It was Solomon who built up a professional army, for through taxation and trading he was able to accumulate sufficient wealth to pay for it (1 Kings 10:25-27). In times of national emergency the regular army was supplemented by conscripts. Recruiting officers went through the tribes on such occasions and were still in use at a much later date (2 Kings 25:18; 2 Chronicles 11:1).
The vine was of great importance in the religion of Israel. It was used as a symbol of the religious life of Israel itself, and a carving of a bunch of grapes often adorned the front exterior of the synagogue. The symbolism was based upon passages such as Psalm 80 and Isaiah 5:1-5 where Israel is God’s vine.
Wine was one of the most valuable agricultural commodities in Bible times. People grew grapes to make their own wine, and many farmers produced wine for sale as a commercial product. This verse, from Jesus’ parable of the vineyard owner, gives insight into how grapes were grown and made into wine.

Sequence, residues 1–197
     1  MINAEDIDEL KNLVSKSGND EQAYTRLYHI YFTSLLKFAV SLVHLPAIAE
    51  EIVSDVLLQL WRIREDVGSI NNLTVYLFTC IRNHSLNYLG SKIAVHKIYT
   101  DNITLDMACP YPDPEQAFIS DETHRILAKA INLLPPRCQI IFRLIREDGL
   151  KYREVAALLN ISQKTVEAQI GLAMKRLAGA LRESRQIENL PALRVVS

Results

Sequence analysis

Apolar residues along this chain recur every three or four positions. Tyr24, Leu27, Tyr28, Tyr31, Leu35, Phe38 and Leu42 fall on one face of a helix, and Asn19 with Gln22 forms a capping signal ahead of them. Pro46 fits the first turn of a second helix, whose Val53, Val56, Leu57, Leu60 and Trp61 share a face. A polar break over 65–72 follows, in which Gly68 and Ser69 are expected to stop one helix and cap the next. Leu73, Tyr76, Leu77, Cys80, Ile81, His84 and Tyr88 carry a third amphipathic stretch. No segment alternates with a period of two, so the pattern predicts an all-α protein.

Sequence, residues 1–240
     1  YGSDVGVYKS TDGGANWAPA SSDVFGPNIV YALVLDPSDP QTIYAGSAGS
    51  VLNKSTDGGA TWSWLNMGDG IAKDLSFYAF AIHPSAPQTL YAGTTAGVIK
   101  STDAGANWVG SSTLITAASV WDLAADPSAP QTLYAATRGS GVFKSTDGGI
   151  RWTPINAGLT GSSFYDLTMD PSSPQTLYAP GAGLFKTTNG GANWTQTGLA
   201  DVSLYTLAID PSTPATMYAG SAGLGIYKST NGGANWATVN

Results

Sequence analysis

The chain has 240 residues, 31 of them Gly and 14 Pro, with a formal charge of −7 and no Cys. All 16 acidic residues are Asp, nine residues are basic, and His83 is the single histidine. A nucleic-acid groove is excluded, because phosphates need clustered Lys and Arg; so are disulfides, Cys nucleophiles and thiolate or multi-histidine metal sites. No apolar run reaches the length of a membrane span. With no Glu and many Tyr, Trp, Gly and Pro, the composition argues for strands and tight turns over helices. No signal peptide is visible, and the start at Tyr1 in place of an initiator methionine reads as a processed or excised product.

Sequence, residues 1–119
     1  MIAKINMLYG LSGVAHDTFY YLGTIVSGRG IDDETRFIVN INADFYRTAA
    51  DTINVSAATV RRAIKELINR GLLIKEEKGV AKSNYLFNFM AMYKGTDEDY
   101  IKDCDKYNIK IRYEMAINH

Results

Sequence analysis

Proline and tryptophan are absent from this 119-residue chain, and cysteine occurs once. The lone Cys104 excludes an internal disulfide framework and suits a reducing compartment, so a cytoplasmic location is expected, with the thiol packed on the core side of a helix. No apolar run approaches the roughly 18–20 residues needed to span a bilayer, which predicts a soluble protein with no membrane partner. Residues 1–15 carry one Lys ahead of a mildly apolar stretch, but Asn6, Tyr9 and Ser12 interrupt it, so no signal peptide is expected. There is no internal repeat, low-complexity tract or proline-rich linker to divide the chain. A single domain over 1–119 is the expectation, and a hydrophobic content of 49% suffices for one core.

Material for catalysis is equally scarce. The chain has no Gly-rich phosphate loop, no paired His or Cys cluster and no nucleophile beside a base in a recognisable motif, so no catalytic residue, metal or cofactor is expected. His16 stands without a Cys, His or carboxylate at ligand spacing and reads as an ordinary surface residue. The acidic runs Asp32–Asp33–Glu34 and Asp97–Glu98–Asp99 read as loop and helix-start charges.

Grapevines are a plant well suited to the climate of Palestine. Grapes were cultivated as far back as Noah’s day (Gen 9:20) and were eaten fresh, dried, or crushed to make juice, vinegar, or wine. In an area where water was often in short supply, the juice from grapes became crucial for life. Clusters of grapes as large as five kilograms (twelve pounds) have been reported in Palestine, giving validity to the spies’ account of the grapes in Canaan in